March 20, 2023

Discover the island’s rich past at these historic spots

Visitors to Bermuda can visit dozens of ancient fortresses around the island for a glimpse into Bermuda’s history.
Bermuda’s rich history makes it worth spending time away from the beach to explore. Relive times gone by at these historical spots around the island.

Bermuda is home to dozens of ancient fortresses that now serve as monuments to the past. A visit to any of these forts will leave visitors with a greater understanding of the island’s history, as well as treat them to picturesque ocean views. A few highlights include Ferry Island Fort, where a battery was originally erected in the 1790s as part of a retreat plan during the American Revolutionary War; and Fort Hamilton, which offers spectacular views, a garden moat, dungeons and 18-ton artillery pieces. Other options include Burnt Point Fort, Fort St. Catherine, Gates Fort, Scaur Hill Fort, and more.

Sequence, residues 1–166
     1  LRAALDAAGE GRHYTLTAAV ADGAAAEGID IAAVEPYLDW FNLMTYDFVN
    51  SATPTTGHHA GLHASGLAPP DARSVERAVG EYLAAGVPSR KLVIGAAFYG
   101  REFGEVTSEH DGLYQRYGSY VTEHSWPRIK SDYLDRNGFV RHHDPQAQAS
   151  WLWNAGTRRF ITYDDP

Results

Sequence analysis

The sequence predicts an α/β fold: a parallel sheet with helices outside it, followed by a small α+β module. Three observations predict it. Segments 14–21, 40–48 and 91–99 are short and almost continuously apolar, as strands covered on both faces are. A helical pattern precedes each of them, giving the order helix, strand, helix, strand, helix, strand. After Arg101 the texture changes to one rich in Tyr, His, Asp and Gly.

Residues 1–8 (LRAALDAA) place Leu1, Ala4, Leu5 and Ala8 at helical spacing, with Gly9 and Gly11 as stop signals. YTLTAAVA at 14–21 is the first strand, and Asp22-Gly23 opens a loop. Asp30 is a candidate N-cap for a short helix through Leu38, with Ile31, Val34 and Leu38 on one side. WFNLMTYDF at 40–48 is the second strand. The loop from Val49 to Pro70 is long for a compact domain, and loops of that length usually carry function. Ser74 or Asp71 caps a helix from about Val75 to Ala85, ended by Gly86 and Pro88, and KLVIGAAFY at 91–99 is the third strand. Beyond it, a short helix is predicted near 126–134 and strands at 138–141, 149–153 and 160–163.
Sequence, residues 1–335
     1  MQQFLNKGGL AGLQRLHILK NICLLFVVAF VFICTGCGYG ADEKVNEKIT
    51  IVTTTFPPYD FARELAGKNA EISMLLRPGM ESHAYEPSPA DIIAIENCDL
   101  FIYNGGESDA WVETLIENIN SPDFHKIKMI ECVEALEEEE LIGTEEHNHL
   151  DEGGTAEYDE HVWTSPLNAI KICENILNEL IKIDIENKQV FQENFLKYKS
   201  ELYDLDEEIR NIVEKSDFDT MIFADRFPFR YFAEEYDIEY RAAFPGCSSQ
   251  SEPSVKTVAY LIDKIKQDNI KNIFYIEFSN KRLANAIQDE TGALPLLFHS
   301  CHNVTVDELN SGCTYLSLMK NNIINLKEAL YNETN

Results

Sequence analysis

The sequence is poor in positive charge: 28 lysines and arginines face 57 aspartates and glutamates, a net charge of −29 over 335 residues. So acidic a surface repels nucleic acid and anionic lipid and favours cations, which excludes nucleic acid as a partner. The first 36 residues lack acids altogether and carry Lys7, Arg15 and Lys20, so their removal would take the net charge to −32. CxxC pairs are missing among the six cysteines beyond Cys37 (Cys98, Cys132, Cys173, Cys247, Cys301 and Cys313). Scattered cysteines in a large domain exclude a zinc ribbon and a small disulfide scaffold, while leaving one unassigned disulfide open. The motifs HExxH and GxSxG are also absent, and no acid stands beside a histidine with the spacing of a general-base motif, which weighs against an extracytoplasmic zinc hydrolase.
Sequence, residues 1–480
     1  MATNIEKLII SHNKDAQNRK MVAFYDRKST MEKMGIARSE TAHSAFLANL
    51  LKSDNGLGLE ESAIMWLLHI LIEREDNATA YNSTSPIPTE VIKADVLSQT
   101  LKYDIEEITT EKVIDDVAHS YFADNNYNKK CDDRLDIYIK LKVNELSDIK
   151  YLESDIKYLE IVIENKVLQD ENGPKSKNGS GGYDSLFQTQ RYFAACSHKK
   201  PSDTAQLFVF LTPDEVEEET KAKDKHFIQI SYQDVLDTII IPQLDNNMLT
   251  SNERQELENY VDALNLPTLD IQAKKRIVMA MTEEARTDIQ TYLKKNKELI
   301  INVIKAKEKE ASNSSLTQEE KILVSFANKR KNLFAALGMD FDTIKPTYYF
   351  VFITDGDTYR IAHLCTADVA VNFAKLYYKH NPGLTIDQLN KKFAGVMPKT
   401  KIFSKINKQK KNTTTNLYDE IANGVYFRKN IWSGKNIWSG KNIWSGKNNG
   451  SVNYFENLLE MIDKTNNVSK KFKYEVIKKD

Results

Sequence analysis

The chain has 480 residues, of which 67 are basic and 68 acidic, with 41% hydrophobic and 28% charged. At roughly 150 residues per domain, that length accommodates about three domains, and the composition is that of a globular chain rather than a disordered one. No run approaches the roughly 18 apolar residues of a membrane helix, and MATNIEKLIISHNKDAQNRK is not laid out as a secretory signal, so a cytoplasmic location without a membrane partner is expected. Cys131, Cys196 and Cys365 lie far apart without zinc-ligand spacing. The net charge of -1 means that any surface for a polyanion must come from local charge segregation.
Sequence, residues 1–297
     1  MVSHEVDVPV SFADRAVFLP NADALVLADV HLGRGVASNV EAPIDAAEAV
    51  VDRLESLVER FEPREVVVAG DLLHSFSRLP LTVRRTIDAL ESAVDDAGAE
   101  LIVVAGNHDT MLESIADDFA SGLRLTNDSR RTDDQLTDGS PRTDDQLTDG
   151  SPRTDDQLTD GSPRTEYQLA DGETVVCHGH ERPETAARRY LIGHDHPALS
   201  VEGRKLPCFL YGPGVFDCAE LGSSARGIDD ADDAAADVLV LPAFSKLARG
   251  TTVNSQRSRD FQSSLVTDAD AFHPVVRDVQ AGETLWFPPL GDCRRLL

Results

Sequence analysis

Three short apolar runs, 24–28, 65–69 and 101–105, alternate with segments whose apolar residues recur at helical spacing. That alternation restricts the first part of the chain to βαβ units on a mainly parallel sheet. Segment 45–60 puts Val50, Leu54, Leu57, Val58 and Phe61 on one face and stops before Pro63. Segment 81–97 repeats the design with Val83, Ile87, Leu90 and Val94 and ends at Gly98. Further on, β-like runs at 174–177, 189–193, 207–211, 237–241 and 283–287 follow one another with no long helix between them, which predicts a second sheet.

The Bermuda Maritime Museum
At the edge of the Royal Naval Dockyard is this museum set within the Keep, a sprawling six-acre fort containing eight historic buildings including old munitions warehouses and the restored Commissioner’s House. Visitors can enjoy a variety of historical exhibits sure to deliver fascinating insight into Bermuda’s past.

Historic Houses
A number of centuries-old homes and buildings on the island are open to the public for a glimpse into Bermuda’s – and America’s – past. At the Bermuda National Trust Museum in the Globe Hotel, visitors can learn about the 1699 building that later became the site where the offices of the Confederate agent Major Norman Walker were housed during the American Civil War. The hotel also offers the exhibit “Rogues & Runners: Bermuda and the American Civil War,” as well as a 12-minute video on the 400 years of Bermuda’s history. The Bermuda National Trust “Verdmont” Historic House & Garden is considered one of the island’s most significant historic buildings. The 1710 house is a unique example of early Georgian architecture that has remained unchanged for some 300 years. Visitors to the house can see an extensive collection of antiques as well as enjoy the grounds’ gardens and stunning views of the South Shore.

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